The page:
Everyone loves a good read about the history of sex robots, right?

“Sex robots,” therefore, have always been about more than sex. They’ve been a cultural repository for wider uncertainties in times of social change: a literalization of the fear that all human beings are fundamentally replaceable. They represent everything we most fear about what Walter Benjamin, writing about that era in Parisian history, called the “commodity-soul.”

The point that Tara Isabella Burton makes about commodification and the fear of being “fundamentally replaceable” is one I want to extend to non-sexual human interactions: the dudes who are (sometimes violently) raging about their lack of sex are not just getting any, they’re not getting anything. They aren’t getting the love, friendship, affection, and discipline that come from normal human relationships. Instead, they’re getting egged on into anger and misogyny by their peers.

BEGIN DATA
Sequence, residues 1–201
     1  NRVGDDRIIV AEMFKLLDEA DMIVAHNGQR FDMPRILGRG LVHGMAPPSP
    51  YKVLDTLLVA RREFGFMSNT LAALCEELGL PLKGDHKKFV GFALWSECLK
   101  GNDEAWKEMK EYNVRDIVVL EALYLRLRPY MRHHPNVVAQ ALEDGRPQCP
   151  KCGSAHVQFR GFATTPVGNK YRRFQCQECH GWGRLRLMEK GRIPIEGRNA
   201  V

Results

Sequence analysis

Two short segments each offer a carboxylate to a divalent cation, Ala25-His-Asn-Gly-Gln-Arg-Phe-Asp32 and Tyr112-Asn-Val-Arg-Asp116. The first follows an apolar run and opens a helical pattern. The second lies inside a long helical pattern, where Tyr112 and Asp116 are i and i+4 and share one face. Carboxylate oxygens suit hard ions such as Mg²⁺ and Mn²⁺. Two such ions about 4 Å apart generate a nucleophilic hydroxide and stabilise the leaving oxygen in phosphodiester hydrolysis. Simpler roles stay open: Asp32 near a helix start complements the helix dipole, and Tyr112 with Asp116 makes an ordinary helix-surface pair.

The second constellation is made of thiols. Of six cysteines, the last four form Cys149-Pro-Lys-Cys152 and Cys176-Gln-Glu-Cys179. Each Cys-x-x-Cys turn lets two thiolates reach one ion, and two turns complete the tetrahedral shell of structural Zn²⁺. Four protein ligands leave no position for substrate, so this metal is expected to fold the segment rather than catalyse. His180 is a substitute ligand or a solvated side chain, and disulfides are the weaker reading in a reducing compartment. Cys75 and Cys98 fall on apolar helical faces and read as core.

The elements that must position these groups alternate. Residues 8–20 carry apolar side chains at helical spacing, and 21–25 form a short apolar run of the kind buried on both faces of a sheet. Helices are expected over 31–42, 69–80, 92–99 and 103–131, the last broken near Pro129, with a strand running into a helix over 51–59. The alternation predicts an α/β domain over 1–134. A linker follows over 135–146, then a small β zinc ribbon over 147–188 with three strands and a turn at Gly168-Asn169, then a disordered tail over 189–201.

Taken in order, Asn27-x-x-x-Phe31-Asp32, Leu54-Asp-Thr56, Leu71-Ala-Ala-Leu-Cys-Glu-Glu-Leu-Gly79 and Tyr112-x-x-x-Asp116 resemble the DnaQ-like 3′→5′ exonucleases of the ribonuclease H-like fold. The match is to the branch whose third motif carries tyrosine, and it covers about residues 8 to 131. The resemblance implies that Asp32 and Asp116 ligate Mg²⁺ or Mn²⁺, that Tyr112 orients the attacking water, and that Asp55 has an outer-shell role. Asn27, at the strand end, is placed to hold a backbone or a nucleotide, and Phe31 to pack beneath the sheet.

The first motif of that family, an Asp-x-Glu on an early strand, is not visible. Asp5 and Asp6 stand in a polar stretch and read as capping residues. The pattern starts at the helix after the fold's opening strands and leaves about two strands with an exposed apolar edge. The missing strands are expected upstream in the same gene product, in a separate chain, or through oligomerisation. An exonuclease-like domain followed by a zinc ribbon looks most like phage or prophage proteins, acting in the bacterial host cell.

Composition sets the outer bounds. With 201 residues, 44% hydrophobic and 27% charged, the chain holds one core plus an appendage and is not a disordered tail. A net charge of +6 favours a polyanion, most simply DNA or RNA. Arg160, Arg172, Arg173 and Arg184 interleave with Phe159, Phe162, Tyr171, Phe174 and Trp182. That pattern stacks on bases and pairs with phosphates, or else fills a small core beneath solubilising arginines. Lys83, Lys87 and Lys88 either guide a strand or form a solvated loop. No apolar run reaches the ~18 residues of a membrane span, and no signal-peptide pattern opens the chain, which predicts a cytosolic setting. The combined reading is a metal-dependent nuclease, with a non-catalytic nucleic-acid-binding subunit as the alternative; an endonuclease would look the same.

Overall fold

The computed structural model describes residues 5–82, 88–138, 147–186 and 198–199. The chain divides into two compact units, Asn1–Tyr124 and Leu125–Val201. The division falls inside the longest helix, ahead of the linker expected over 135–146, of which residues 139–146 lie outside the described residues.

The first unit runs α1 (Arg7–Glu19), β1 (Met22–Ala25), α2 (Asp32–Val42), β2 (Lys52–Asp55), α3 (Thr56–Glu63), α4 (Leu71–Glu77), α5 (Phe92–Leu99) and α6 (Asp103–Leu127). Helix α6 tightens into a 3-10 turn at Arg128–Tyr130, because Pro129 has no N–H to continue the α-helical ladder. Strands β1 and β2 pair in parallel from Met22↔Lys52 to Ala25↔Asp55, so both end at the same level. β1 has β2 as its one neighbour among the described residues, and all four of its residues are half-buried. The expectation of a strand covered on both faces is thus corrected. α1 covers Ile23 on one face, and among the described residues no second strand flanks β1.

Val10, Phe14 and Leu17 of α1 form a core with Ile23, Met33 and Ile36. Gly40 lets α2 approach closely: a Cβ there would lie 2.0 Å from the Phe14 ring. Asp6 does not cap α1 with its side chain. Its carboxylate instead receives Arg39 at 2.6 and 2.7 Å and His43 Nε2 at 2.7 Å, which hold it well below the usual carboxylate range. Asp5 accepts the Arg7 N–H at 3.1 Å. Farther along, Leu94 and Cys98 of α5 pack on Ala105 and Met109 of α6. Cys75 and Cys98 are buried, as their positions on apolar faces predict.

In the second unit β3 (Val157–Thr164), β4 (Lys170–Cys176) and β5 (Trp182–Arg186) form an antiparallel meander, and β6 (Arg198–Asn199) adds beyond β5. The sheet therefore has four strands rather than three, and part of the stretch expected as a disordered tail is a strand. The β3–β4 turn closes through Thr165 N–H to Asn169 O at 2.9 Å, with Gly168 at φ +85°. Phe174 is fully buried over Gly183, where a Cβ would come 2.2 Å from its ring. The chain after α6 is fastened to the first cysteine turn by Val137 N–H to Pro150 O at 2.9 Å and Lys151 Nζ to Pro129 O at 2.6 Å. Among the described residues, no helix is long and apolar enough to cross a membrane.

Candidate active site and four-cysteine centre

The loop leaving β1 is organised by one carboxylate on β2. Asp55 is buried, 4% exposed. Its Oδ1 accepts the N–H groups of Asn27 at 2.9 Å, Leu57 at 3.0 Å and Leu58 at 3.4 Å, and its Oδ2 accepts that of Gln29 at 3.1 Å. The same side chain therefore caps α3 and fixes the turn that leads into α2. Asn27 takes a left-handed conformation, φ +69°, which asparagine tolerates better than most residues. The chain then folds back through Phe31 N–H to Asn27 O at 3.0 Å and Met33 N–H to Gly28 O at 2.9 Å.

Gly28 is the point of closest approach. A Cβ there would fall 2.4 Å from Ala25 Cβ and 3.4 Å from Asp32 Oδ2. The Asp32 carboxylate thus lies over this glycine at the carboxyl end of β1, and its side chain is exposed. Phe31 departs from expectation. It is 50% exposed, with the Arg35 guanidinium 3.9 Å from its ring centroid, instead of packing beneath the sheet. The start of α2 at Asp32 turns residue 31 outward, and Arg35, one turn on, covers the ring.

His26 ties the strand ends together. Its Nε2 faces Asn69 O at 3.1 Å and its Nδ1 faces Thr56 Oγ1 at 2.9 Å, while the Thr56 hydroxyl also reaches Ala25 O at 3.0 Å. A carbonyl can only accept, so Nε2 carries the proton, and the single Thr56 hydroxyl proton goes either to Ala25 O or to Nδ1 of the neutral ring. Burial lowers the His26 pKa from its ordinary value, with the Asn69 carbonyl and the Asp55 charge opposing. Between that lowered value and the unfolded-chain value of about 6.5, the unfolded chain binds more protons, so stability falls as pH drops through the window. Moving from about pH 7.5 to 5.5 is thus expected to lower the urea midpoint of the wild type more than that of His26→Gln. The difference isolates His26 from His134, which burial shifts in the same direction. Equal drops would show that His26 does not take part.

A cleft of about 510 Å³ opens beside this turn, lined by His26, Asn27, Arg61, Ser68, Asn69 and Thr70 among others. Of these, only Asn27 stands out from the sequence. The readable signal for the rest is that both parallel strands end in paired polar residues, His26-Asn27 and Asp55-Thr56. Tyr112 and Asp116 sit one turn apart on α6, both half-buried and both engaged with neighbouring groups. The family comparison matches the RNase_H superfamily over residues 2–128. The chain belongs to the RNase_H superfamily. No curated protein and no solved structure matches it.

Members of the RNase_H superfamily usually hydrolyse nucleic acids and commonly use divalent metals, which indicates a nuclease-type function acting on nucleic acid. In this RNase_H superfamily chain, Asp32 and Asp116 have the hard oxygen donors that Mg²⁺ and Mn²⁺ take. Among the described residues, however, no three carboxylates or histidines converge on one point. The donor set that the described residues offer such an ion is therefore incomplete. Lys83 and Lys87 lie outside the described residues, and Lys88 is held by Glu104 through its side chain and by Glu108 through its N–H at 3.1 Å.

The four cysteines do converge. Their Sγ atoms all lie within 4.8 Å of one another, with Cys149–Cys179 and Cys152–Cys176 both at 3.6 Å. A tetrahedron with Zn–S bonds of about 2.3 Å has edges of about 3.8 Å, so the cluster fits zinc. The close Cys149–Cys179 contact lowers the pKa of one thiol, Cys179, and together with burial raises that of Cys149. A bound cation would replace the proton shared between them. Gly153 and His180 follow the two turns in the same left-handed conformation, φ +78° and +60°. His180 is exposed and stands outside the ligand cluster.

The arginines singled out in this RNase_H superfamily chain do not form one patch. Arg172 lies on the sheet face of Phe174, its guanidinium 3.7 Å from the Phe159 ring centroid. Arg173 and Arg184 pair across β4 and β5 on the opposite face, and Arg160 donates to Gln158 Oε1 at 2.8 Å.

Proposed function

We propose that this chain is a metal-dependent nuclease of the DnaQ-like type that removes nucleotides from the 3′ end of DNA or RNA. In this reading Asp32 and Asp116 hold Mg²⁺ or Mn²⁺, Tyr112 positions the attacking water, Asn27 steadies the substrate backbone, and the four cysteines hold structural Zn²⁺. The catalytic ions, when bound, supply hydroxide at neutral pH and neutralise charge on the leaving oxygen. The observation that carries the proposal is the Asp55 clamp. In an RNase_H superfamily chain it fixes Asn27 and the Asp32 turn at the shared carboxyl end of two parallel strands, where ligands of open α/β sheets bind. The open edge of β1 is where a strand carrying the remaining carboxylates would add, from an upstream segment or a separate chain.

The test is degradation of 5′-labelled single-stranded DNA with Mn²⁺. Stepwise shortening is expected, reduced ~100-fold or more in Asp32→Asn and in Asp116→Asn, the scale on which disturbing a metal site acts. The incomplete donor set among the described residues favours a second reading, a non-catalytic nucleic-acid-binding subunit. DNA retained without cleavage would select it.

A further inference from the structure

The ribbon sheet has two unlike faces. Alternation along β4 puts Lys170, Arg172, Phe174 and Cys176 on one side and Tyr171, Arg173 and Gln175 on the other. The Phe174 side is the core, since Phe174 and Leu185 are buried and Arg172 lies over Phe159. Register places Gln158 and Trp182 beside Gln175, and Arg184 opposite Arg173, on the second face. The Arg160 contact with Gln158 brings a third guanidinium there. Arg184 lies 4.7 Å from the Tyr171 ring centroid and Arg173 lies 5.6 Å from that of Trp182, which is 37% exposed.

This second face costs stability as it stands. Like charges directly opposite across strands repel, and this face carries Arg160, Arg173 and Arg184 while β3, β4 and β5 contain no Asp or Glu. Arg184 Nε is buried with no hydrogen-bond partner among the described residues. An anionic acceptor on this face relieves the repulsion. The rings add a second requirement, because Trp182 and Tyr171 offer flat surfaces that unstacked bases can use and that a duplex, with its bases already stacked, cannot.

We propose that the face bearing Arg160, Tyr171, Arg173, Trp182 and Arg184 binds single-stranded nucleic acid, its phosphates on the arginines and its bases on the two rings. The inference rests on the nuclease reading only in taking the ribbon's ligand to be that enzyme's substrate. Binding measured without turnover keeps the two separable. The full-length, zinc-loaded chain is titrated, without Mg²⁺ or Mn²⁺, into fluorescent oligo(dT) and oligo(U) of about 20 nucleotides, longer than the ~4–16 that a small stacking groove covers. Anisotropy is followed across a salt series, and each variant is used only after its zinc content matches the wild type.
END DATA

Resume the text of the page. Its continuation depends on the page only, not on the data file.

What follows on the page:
We’re paying attention to incels because two of them have gone on murder sprees, but a lot of people are suffering from loneliness and it’s killing them, too.

I have a book review of Jamil Jivani’s Why Young Men? coming in the new edition of Comment magazine exploring the phenomenon of young men who are socially isolated (usually because of race, class, or both) and lured towards violent ideologies because of the potential for meaning and belonging that these ideologies provide. Subscribe now to get your copy, because the whole issue is about social isolation and how we can deal with it.

I also commend to you this episode of the With Friends Like These podcast with Ana Marie Cox and Ross Douthat where they discuss the original Douthat column about sex robots and furor it provoked.

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Posted by Matthew Loftus

Matthew Loftus teaches and practices Family Medicine in Baltimore and East Africa. His work has been featured in Christianity Today, Comment, & First Things and he is a regular contributor for Christ and Pop Culture. You can learn more about his work and writing at www.MatthewAndMaggie.org